Clay Maitland

On a quest for quality in shipping

Spotlight on Salvage

By Michael Grey

Posted on | March 27, 2015 | No Comments

Salvors prevent bad things getting worse and can be thought of as one of the genuine emergency services. And in their role as removers of wreck they clear away the mess the shipping industry leaves behind it. The International Salvage Union Associate Members’ Day brings salvors together, but also is a chance for hull and machinery insurers, P&I clubs, maritime lawyers and those whose work brings them into contact with professional salvors, to exchange their current concerns.

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Lash Up and Stow

By Michael Grey

Posted on | March 26, 2015 | No Comments

Containerships have been with us for nearly half a century and goodness knows what old Malcom McLean would have thought if he could have dreamed that the system he effectively invented would have developed ships capable of carrying 20,000teu in a single hull. But while the ships have changed beyond all recognition and the individual boxes have got a bit bigger, the technology for lashing them on deck has scarcely changed.

Lashing gangs still have to struggle with twistlocks on container corners and heave around great lashing rods and turnbuckles, just like they did on the first generation ships. The only difference is that while the boxes on deck were two high (which made experienced Western Ocean seamen doubtful), today we are looking at nine high on… Continue reading

Hope and Anchor

By Michael Grey

Posted on | March 16, 2015 | No Comments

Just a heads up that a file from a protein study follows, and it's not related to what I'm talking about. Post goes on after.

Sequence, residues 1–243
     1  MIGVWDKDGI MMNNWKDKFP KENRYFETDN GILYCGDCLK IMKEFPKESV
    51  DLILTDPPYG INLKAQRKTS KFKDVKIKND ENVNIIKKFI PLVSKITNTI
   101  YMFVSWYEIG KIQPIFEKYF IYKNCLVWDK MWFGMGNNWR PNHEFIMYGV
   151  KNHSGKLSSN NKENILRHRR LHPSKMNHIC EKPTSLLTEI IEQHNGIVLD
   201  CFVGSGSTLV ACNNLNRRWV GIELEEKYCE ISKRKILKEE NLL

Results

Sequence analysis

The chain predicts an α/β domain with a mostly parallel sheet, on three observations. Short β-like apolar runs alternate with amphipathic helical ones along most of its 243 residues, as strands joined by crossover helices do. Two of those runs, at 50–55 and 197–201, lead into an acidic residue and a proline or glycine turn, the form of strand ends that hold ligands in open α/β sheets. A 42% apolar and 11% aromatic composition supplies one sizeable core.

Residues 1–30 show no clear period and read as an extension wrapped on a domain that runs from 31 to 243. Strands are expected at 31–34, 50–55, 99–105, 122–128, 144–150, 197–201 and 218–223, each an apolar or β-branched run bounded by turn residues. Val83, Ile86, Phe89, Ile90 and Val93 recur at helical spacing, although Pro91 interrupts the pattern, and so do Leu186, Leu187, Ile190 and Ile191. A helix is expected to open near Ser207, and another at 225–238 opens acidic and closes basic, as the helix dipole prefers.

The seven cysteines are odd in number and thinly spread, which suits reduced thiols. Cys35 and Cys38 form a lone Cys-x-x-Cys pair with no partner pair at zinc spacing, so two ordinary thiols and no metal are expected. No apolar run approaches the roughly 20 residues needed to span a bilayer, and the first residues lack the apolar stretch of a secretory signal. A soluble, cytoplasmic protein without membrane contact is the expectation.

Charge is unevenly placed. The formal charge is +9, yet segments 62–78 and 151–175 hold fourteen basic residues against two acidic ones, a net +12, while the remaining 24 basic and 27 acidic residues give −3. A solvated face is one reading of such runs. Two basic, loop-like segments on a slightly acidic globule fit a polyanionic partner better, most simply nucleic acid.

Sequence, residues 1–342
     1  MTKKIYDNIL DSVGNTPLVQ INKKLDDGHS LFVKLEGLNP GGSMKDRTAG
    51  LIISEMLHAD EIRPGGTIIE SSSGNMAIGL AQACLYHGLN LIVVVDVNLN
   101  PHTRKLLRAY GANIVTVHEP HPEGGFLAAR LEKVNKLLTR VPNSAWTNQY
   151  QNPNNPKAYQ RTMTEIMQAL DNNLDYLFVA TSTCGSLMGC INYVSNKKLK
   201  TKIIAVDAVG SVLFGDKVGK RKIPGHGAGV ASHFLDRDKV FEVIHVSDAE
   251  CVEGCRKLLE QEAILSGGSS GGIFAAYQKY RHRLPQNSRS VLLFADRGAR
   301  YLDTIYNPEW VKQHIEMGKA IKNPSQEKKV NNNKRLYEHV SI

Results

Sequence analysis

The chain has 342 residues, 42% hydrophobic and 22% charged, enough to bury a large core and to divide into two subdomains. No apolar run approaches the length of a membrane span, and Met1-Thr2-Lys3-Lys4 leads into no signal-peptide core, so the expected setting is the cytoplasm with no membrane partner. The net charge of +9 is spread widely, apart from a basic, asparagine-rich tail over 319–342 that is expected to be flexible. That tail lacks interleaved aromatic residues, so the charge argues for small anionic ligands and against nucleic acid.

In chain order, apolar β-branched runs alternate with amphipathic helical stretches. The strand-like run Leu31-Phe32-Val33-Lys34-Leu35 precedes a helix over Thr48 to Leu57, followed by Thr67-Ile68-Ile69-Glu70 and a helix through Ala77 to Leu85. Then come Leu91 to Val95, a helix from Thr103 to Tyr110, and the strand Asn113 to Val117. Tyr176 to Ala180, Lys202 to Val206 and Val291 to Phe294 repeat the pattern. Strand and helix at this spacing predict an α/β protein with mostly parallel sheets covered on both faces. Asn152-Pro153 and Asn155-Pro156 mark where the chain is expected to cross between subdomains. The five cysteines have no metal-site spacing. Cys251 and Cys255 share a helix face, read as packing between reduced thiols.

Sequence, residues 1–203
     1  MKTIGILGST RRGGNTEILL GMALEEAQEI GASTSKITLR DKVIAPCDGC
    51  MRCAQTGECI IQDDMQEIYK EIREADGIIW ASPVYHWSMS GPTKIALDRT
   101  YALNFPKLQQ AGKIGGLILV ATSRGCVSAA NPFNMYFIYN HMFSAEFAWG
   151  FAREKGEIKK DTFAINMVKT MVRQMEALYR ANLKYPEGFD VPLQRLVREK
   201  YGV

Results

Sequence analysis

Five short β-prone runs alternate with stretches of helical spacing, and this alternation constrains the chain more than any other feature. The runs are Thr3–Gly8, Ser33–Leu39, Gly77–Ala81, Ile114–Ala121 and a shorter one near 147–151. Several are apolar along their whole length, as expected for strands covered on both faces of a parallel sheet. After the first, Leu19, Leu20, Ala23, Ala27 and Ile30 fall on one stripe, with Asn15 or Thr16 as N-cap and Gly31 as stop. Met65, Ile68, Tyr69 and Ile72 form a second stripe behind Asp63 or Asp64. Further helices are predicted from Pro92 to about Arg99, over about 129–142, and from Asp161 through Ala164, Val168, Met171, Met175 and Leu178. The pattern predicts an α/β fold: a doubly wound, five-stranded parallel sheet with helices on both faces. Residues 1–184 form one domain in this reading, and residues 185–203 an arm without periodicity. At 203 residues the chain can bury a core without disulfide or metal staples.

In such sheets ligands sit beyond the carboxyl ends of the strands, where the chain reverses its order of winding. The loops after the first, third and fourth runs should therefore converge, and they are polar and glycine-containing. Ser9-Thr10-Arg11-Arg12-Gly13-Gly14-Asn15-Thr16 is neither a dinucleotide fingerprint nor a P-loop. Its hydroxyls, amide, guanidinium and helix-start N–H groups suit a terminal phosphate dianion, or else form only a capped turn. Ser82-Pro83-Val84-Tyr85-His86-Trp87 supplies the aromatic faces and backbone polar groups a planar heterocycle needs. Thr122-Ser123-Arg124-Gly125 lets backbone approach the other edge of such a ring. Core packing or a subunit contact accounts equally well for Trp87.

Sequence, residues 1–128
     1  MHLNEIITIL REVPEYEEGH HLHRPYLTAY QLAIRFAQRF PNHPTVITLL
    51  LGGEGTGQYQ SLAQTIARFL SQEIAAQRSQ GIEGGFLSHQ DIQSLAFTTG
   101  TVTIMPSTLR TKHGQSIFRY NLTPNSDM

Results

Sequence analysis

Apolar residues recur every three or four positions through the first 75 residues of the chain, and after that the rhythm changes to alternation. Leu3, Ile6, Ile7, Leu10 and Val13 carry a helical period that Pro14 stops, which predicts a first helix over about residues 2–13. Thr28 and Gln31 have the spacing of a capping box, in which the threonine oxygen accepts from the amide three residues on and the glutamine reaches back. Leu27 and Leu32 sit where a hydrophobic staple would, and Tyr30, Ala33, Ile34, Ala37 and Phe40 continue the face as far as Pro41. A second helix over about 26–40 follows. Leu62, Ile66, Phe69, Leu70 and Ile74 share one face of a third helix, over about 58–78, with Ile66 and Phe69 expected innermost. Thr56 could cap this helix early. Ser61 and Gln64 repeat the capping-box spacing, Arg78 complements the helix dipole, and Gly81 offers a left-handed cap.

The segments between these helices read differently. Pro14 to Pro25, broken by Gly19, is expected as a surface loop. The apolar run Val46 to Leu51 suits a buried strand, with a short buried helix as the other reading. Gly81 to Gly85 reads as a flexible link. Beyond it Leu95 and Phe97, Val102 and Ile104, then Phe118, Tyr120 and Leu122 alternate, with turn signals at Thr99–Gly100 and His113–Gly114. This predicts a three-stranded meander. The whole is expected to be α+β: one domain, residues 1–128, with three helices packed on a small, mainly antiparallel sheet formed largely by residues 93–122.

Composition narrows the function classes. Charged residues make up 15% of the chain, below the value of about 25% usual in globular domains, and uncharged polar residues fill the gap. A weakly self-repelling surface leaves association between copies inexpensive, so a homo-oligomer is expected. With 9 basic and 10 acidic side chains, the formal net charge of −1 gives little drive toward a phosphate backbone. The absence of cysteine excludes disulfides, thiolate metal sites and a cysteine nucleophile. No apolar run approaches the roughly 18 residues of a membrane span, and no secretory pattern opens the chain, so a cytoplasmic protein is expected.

Who remembers the great dark days of the 1980s, with the price of oil stuffing cash into oil producers’ pockets, with the local ports around the Arabian peninsula and Nigeria unable to cope with the flood of goods they were buying with their loot. There were ships waiting in roadsteads for months on end, as the owners counted the demurrage and crews went quietly insane. There was one choice report of a ship laden with a full load of cargo handling equipment for a port waiting for weeks, because there was no cargo handling equipment ashore to discharge it.

The best memory comes from the Saudi port of Hodeidah, where the situation became so dire that ingenious US innovators proposed to discharge cement from ships offshore… Continue reading

Strength of Materials

By Michael Grey

Posted on | March 9, 2015 | 1 Comment

One of the reasons that wooden ships eventually gave way to iron and steel was the fact that the size of a wooden ship is limited by the strength of the component parts. This was perfectly illustrated in WWI when the shortage of merchant ships caused b  the depredations of German U-boats caused the desperate construction of wooden freighters in the US and Australia. Several of these craft, despite reinforcement of the original design, were basically “too big for wood” and were condemned.

For a century, steel has been the preferred shipbuilding medium, designs being extrapolated to construct bigger and bigger hulls. Just occasionally has design been dangerously compromised, as the tendency has been to prudently “over-engineer” in any areas where stresses might

Hostages – lest we forget

By Michael Grey

Posted on | March 2, 2015 | No Comments

After nearly five years in the hands of Somali pirates and the longest held hostages since the plague of Indian Ocean piracy began, four Thai fishermen have finally been released. Their relatives, during this period, have been supported by the Maritime Piracy Humanitarian Response Programme* and the MPHRP will continue this assistance as the four are re-integrated into society after their ordeal.

Somali piracy only rarely shows up on the public radar these days, but the release is a reminder to everyone, that it has not gone away and attacks are still regularly reported by shipping in the area. Best Management Practice, the presence of armed guards on vulnerable merchant ships and patrolling aircraft and warships are still obviously needed. There are still 26 hostages in pirate hands… Continue reading


By Clay

Posted on | February 20, 2015 | No Comments

6th Annual Capital Link